Research into CML

All cancer treatments have to be fully researched before they can be used for everyone. This is so we can be sure that:

  • they work
  • they work better than the treatments already available 
  • they're known to be safe

Research has helped to improve survival for CML, particularly over the last 20 years with the development of targeted cancer drugs called tyrosine kinase inhibitors (TKIs), such as imatinib. Researchers continue to learn about CML and are developing new treatments or combinations of treatments to further improve survival and quality of life.

Cancer Research UK has information about UK trials looking into CML.

Genetics of leukaemia cells

Scientists continue to study the changes that happen in the genes (sections of DNA) of leukaemia cells to learn more about how they develop, and why they can become resistant to treatment. Understanding this helps researchers develop new drugs.

Another area of research is to identify markers that can help predict response to treatment at the time of diagnosis.

Targeted cancer drugs

Targeted cancer drugs change the way that cells work, for example, they can block signals that tell cells to grow. There are different types of targeted cancer drugs. Some are described as cancer growth blockers. Cancer growth blockers called tyrosine kinase inhibitors (TKIs) are the main type of treatment for most people with CML.

Doctors currently use imatinib, nilotinib, dasatinib, bosutinib and ponatinib to treat CML. Researchers continue to look into these drugs to improve treatment results. Trials are looking at;

  • trying different doses of TKIs
  • giving a TKI with other treatments for CML
  • finding out if one of the TKIs is better than the others as a first treatment for CML
  • trying these TKIs in children and young adults
  • learning more about the side effects

Researchers around the world are looking at other targeted cancer drugs for CML including asciminib, axitinib and ruxolitinib.

Stopping TKIs

Until recently, it was thought that people with CML would need to stay on TKI treatment for life. Recent studies have shown that TKIs can be stopped in certain people who have had a good response to treatment for a number of years. They need frequent monitoring to check for it coming back. But more research and guidelines are needed to show when it is safe to stop treatment, how best to monitor patients, and what treatment to give if the CML comes back.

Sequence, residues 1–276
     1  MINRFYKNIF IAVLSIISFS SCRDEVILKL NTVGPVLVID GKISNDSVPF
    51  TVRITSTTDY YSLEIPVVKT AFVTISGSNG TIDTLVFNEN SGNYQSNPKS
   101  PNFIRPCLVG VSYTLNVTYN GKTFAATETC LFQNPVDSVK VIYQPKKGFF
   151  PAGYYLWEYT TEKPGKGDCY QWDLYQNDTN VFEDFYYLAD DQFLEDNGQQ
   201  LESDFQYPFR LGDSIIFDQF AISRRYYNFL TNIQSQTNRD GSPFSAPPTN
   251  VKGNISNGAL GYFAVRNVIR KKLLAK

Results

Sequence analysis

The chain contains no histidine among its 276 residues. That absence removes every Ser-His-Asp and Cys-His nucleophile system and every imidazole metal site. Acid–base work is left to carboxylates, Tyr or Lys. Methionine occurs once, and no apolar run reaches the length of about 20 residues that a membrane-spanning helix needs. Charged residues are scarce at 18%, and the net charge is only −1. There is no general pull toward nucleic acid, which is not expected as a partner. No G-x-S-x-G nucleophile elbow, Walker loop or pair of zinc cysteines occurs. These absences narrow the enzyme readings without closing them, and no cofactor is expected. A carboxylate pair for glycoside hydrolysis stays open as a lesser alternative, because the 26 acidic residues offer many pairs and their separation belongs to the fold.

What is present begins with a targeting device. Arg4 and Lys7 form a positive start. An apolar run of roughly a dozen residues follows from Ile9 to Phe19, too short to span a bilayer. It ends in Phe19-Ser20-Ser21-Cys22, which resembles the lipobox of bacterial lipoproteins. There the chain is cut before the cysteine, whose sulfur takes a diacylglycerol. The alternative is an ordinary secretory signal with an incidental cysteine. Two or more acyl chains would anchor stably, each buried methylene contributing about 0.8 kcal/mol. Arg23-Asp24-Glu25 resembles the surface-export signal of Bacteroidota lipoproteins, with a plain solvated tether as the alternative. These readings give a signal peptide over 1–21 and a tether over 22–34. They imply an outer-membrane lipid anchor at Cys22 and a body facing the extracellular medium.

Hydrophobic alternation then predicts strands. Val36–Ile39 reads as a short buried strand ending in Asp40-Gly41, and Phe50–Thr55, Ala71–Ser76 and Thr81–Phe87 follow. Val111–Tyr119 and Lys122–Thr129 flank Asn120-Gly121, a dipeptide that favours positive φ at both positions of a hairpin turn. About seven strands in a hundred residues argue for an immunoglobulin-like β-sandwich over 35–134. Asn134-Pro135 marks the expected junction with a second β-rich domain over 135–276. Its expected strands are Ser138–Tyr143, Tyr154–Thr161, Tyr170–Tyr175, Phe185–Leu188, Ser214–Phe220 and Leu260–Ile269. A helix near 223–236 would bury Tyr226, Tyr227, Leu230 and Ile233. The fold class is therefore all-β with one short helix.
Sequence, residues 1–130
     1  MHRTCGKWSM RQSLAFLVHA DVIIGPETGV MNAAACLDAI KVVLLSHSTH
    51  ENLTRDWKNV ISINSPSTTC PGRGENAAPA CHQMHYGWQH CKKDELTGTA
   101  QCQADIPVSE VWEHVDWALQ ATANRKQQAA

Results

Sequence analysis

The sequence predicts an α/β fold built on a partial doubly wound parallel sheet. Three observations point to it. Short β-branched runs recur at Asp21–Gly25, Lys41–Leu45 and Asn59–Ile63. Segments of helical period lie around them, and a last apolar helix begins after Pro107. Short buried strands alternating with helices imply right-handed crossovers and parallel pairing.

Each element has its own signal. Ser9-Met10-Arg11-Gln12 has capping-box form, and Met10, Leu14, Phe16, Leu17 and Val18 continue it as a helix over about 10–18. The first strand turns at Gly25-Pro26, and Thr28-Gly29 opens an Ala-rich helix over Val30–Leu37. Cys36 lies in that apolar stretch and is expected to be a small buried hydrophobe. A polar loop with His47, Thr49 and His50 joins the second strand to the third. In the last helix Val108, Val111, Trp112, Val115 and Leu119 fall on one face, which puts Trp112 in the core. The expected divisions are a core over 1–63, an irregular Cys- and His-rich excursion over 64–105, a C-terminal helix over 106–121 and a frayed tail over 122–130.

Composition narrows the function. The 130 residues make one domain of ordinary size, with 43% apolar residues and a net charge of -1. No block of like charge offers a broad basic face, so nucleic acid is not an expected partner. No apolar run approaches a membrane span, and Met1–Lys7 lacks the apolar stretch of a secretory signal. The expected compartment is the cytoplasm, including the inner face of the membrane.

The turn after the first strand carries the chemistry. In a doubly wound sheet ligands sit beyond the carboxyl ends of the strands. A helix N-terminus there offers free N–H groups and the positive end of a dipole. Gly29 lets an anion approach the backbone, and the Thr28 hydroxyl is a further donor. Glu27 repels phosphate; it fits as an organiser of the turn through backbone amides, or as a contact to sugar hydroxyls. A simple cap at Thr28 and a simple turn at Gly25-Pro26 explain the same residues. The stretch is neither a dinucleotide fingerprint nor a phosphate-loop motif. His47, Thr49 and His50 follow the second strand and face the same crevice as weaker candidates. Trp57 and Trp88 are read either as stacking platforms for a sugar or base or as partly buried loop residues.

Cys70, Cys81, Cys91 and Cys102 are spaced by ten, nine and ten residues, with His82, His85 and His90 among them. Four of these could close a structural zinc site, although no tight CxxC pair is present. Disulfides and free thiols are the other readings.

Stem cell transplants

High dose chemotherapy followed by donor stem cells (transplant) can cure some people with CML. This is very intensive treatment and some people do not survive the complications.

Your specialist will take into account your general fitness and age before doing a transplant. 

Half matched transplants

Doctors can't find a stem cell match for about 1 in 3 people who need a transplant. So for these people an option might be to have a half matched or haploidentical stem cell transplant. This transplant uses donor stem cells from a family member who is at least a 50% match. Researchers are looking at a better way to give this treatment and reduce the side effects.

Last reviewed: 
28 May 2019
  • Chronic Myeloid Leukaemia: ESMO Clinical Practice Guidelines for diagnosis, treatment and follow up
    A. Hochhaus and others
    Annals of Oncology, 2017. Volume 28, Supplement 4, Pages 41-51

  • Chronic myeloid leukaemia: First line drug of choice
    E Jabbour
    American Journal of Hematology, 2016. Volume 91, Issue 1, Pages 59-66

  • Discontinuation of dasatinib or nilotinib in chronic myeloid leukemia: interim analysis of the STOP 2G-TKI study
    D Rea and others
    Blood, 2017. Volume 129, Issue 7, Pages 846-854

  • When to Stop Tyrosine Kinase Inhibitors for the Treatment of Chronic Myeloid Leukemia
    P Laneuville
    Current Treatment Options in Oncology, 2018. Volume 19, Issue 3

Related links